When McDonald's unveiled its "vegetarian" burger last year it confused a lot of people – and the same thing is now happening to global fast-food chain Burger King.
The fast-food chain, known in Australia as Hungry Jacks, added a new plant-based burger to its menu in New Zealand.
The only problem is, but it's not actually suitable for vegetarians.
Even though the $8 Rebel Whopper isn't made with any meat (or animal by-products), it is cooked on the same grill as meat burgers, the chain has said.
Instead, just like the Macca's McVeggie burger, the product is intended for "flexitarians" rather than vegans or vegetarians.
"The Rebel Whopper is not vegetarian due to the plant-based patty being cooked on the same grill as beef patties,"a disclaimer on the Burger King site states.
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It does however feature a plant-based patty, flame-grilled just like the classic Whopper, giving it a similar smoky, barbecue flavour.
"It's 100 % Whopper, 0 % Beef. You'll have to taste it to believe it," the site reads.
Burger King New Zealand head of marketing Andrea Spearman told Stuff, the burger was 100 per cent plant-based but cooked on the same equipment as beef patties, so was not vegan or vegetarian.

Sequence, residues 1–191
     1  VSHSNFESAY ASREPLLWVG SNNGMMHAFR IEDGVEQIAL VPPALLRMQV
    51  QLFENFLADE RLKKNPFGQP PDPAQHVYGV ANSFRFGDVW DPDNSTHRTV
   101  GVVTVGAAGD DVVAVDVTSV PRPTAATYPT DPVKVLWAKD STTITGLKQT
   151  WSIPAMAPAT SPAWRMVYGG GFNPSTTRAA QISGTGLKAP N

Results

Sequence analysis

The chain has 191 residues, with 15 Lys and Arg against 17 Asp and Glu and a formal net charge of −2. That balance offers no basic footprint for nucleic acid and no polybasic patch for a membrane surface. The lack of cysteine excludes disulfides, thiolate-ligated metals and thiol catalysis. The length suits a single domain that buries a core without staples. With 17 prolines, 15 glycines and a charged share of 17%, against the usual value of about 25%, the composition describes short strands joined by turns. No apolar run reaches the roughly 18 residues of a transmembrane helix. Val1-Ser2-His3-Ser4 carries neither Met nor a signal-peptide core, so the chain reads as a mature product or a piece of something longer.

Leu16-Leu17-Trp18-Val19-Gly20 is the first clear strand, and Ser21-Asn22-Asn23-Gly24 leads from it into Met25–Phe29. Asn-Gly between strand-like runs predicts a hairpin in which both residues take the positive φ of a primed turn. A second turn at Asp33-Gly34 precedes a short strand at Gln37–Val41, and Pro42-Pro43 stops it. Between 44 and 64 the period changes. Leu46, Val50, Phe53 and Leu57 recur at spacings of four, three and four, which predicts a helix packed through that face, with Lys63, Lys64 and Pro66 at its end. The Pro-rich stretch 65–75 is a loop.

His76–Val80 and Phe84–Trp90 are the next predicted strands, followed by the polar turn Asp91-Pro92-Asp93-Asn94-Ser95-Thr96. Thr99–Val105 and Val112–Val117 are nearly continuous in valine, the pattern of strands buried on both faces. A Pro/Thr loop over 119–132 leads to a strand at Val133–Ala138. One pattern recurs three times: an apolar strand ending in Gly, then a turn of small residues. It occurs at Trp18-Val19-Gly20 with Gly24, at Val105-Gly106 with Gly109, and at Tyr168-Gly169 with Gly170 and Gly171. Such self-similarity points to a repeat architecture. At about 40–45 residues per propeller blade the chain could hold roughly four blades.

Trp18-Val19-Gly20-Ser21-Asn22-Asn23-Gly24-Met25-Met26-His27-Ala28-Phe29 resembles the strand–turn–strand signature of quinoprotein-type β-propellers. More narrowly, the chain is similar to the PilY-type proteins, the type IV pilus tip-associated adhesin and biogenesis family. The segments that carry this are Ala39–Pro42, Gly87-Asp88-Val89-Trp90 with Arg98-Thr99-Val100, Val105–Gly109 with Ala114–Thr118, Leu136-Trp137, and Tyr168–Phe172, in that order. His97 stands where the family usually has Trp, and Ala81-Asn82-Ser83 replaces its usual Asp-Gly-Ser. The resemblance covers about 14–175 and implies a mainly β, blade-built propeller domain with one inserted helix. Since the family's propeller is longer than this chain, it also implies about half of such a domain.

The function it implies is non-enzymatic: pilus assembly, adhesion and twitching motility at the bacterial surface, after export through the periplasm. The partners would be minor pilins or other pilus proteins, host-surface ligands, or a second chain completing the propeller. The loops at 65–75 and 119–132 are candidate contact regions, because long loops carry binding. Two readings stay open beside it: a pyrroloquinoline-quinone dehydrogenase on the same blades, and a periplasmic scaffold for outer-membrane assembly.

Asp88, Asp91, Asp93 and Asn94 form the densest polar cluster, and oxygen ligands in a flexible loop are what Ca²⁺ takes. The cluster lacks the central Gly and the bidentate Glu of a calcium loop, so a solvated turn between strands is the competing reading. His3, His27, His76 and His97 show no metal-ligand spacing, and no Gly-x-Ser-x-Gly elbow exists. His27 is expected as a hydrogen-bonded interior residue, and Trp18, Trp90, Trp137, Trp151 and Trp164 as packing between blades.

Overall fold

It was an option for "flexitarians" and people looking for an alternative to meat that still tasted like a burger, she said.
Vegetarians are yet to give their verdict on the burger but if Macca's version is anything to go by — it will generate some mixed reviews.
When McDonald's unveiled its meat-free burger in November, many vegetarians were left "disappointed" while others saw it as a "step forward".
"I would be happier if it was prepared vegetarian. But it's progress. The more vegie junk food the better lol," one Twitter user said at the time. "It's a positive for less meat consumption. Any step in that direction is a positive," another said.
When Burger King US introduced its version "Impossible Whopper" in November last year, it was sued by a vegan for cooking it on the same grills as traditional beef Whoppers.
It was rendered "unfit" for people who don't eat animal by-products, according to the court case.
The man from Georgia in the US, Phillip Williams, said when he bought the burger, he believed it conformed to his "strict vegan diet".
He alleged that the Burger King where he purchased his meal had no signs indicating that Impossible Whopper patties were cooked on the same grill as meat items on the menu or that asking for a non-broiler cooking method was an option, the Washington Post reported.
The case noted there had been "numerous consumer complaints posted online" from others also angry at the cooking method.
On its website it states the plant-based burgers as "100% Whopper, 0% Beef," and in smaller print below the description, the company says customers who want a "meat-free option" can request their Impossible Patties not be prepared on the broiler where beef and chicken products are cooked, the publication reported.